$(MC) \quad t := \max_x \frac{1}{2} \sum_{i<j} (1 – x_i x_j), \; x \in \{-1,+1\}^n$ We associate $$x_i=1$$ with $$i \in I$$ and $$x_i=-1$$ otherwise. The max-cut problem is known to be NP-hard. We replace the integer constraints with quadratic constraints of the form $$x_i^2 = 1$$ and move these constraints to the objective to obtain a Lagrangian relaxation of the form
$(MC-LR) \quad t(\lambda) := \max_x x^T Q x + \sum_i \lambda_i(1 – x_i^2),$ where $$Q$$ is a symmetric $$n \times n$$ matrix and the $$\lambda_i$$ are Lagrange multipliers. The optimal value of (MC-LR) provides an upper bound for the optimal value of (MC), i.e., $$t \leq t(\lambda)$$. In particular, this bound has to hold for the $$\lambda$$ that minimizes $$t(\lambda)$$, so we have
$\begin{array}{lll} t & \leq & \min_{\lambda} \; \max_x x^T Q x + \sum_i \lambda_i(1 – x_i^2) \\ & = & \min_{\lambda} \; \max_x x^T(Q – \mbox{Diag}(\lambda)) x + \lambda^T e \end{array}$ where $$e$$ is the vector of all ones and $$\mbox{Diag}(\lambda)$$ is a diagonal matrix whose $$i$$-th diagonal entry is $$\lambda_i$$.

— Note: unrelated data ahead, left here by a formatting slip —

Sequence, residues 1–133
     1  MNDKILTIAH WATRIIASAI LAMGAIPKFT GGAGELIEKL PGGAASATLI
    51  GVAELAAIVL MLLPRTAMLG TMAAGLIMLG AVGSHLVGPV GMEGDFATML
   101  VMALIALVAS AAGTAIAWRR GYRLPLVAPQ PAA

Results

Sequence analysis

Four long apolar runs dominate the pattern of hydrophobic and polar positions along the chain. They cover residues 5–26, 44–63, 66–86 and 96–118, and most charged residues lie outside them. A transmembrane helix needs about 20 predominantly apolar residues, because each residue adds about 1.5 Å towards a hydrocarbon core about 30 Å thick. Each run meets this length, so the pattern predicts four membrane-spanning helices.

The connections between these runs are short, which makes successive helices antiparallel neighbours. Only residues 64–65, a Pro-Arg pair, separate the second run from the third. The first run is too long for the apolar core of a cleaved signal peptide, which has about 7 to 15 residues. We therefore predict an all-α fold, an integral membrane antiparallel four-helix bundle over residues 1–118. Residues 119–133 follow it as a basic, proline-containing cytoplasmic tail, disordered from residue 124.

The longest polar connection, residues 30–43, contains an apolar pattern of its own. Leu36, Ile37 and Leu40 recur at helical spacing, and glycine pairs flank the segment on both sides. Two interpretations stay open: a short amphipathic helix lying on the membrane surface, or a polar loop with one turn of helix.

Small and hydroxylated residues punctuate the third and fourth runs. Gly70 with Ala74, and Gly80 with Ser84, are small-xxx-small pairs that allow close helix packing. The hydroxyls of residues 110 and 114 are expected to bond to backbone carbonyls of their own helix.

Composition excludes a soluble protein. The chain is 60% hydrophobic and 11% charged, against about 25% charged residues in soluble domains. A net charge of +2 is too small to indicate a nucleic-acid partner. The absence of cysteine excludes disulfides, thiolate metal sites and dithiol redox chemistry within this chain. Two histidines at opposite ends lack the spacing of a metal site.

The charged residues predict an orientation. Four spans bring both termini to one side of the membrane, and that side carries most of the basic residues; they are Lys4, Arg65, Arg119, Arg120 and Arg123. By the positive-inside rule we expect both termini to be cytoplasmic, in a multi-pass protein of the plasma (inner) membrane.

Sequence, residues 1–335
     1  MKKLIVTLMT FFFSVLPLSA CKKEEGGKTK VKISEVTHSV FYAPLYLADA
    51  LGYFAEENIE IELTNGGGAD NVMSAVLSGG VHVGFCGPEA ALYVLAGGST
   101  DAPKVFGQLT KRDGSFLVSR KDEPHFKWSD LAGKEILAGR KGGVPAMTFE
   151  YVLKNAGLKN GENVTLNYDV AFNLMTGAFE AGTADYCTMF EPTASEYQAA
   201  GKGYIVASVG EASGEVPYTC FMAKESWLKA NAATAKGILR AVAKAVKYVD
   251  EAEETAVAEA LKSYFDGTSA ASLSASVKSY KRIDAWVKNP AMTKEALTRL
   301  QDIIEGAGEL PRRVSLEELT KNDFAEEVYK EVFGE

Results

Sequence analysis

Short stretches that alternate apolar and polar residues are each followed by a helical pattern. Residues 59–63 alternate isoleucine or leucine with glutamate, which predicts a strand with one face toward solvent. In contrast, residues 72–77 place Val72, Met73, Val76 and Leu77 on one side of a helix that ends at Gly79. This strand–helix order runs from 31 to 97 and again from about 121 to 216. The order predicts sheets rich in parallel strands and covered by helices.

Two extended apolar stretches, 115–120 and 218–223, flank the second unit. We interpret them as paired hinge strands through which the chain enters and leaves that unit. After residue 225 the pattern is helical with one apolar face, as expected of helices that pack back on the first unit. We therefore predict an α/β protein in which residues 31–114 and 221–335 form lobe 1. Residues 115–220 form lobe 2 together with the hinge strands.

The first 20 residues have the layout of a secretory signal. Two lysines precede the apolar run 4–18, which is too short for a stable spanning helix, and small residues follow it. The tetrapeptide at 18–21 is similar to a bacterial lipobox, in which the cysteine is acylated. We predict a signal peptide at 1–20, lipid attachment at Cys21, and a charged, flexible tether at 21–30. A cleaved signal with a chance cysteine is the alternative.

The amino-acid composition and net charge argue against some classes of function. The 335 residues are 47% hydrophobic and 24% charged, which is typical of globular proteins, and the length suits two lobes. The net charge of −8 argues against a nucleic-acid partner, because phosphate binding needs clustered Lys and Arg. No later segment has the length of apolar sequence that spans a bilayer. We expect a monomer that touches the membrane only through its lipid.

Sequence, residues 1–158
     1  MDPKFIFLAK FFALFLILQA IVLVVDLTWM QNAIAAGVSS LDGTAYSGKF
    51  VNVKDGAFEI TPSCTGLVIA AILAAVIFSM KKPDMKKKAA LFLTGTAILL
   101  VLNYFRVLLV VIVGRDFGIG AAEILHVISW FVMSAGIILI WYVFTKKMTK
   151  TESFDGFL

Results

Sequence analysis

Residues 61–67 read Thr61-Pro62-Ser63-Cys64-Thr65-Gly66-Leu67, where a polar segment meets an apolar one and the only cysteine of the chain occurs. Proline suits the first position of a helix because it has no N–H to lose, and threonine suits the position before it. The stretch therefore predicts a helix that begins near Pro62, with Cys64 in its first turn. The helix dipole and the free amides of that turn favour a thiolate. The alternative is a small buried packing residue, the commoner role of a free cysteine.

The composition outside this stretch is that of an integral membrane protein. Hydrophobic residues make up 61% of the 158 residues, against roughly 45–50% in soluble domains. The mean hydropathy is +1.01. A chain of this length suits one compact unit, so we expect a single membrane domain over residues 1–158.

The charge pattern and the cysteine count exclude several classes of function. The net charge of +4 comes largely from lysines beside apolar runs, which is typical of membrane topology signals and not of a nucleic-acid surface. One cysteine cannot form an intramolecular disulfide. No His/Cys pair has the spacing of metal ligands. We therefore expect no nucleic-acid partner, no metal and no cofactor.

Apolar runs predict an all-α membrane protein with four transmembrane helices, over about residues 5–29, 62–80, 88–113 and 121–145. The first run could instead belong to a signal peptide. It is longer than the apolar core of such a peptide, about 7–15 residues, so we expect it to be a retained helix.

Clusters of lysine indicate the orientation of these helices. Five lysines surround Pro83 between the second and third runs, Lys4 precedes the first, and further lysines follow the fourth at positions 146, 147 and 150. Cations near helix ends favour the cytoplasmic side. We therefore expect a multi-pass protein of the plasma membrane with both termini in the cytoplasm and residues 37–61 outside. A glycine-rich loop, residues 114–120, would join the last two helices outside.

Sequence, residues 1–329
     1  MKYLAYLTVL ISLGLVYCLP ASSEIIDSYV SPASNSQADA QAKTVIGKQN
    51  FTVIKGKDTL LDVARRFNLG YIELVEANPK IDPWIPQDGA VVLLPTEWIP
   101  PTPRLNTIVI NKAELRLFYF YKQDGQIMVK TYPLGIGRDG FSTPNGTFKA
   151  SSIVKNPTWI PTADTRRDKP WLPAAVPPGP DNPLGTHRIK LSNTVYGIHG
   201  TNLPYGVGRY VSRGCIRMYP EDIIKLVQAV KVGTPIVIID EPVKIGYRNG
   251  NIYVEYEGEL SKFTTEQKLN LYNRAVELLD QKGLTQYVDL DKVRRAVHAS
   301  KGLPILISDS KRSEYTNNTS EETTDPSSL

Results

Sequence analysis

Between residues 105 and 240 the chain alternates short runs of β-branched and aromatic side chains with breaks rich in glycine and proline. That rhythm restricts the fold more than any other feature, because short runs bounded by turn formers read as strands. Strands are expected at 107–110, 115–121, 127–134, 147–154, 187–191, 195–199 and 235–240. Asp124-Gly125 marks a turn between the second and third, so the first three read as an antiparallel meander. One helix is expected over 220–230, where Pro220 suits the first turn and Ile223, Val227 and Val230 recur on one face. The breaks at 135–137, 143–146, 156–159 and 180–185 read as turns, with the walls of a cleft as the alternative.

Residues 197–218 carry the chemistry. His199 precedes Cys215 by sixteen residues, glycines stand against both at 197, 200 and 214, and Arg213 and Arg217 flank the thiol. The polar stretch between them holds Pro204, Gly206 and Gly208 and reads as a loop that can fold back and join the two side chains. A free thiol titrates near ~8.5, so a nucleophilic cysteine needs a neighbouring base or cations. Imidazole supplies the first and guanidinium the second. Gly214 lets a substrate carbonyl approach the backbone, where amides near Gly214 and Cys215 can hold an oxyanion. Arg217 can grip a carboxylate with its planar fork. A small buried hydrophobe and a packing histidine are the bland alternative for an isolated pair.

We now note that the inner maximization problem is infinite valued unless the Hessian of the Lagrangian is negative semidefinite, i.e., we have the hidden semidefinite constraint $$Q – \mbox{Diag}(\lambda) \leq 0$$. Moreover, once we add this semidefinite constraint to the outer minimization problem, the inner maximization is attained at $$x = 0$$. We have eliminated the $$x$$ variable and the maximization part of the problem.

Therefore, the upper bound for (MC) can be obtained by solving the following SDP
$\begin{array}{ll} \mbox{minimize} & \lambda^T e \\\ \mbox{subject to} & Q – \mbox{Diag}(\lambda) \leq 0 \end{array}$ whose dual is
$\begin{array}{ll} \mbox{maximize} & Q \bullet X \\ \mbox{subject to} & \mbox{diag}(X) = e, \\ & X \geq 0 \end{array}$ Here, $$\mbox{diag}(X)$$ is a vector whose $$i$$-th entry is the $$i$$-th diagonal entry of the matrix $$X$$. This pair of SDPs can now be solved with a primal-dual interior-point algorithm.

Software Resources

The NEOS Server offers a number of Semidefinite Programming Solvers, which are listed below with a brief description. Christoph Helmberg’s SDP Page also contains software resources.

Semidefinite Programming Software on the NEOS Server
• CSDP
Availability: Public domain
Source available: Yes
Synopsis: Callable C code, primal-dual path following method, implements the XZ search direction, Mehrotra predictor-corrector, supports sparse problems.
• DSDP
Availability: Public domain
Source available: Yes